The plans come as the U.S. sees continued growing pains in its journey to regulate cryptocurrency markets.
As Cointelegraph reported Friday, a new academic report has highlighted “overlapping” jurisdiction of agencies as contributing to the U.S.’ lack of appeal for industry businesses and consumers alike.
Soto and Budd correspondingly seek to broaden the basis for domestic regulation by looking beyond borders, their second bill advocating a “comparative study of the regulation of virtual currency in other countries” in order to “make recommendations for regulatory changes to promote competitiveness.”
Authorities are in the process of developing cryptocurrency and ICO rules, which could become law in Q1 2019.
Malaysia’s finance regulator and central bank issued a joint press statement Dec. 6 in which they confirmed they were “putting in place” legislation on cryptocurrency and Initial Coin Offering (ICO) assets.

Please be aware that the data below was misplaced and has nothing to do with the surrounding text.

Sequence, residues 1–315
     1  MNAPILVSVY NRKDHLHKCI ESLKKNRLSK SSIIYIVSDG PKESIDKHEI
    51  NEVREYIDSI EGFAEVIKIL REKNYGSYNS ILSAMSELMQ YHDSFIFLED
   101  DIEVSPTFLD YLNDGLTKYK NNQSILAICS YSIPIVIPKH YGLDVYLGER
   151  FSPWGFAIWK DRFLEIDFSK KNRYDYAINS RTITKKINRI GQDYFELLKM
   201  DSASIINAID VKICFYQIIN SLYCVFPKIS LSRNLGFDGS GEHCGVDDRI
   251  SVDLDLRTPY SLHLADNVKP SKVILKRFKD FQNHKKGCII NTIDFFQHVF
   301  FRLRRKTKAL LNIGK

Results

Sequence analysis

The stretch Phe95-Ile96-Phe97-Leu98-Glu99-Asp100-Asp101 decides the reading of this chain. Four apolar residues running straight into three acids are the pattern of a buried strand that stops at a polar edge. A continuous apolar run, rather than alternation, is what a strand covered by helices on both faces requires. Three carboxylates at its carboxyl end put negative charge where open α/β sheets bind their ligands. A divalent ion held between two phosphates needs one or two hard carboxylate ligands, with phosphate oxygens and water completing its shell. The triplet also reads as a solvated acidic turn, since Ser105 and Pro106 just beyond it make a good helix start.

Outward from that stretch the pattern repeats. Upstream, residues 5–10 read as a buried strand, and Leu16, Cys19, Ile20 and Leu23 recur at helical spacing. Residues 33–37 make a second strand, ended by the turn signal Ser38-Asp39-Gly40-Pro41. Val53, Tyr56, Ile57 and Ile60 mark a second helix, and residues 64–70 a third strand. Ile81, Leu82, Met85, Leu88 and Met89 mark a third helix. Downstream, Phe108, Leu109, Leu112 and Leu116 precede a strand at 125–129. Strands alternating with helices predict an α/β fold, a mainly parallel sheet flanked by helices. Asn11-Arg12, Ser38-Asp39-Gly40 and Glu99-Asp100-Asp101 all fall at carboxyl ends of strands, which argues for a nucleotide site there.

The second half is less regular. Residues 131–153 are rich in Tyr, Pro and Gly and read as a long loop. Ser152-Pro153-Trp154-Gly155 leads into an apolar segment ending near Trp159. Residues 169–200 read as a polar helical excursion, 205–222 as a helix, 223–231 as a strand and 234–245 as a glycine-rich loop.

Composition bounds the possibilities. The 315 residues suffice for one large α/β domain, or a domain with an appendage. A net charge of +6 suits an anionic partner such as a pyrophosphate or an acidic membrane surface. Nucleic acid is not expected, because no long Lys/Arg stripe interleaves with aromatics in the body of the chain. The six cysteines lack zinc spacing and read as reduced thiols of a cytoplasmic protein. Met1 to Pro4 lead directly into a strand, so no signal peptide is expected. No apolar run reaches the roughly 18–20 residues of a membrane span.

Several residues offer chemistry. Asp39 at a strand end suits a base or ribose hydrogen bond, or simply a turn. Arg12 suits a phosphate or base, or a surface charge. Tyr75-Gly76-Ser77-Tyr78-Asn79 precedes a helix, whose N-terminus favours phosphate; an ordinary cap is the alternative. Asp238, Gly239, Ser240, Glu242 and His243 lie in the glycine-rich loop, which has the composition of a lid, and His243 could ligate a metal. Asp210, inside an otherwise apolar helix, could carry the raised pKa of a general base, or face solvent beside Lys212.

The statement from the Malaysia’s Securities Commission (SC) and Bank Negara Malaysia (BNM), which follows comments from senior government official that regulation of the sector could appear in Q1 2019, also reiterates the need comply with securities laws where appropriate.
“The SC will regulate issuances of digital assets via initial coin offerings (ICO) and the trading of digital assets at digital asset exchanges in Malaysia,” it confirmed.
“Regulations are currently being put in place to bring digital assets within the remit of securities laws to promote fair and orderly trading and ensure investor protection.”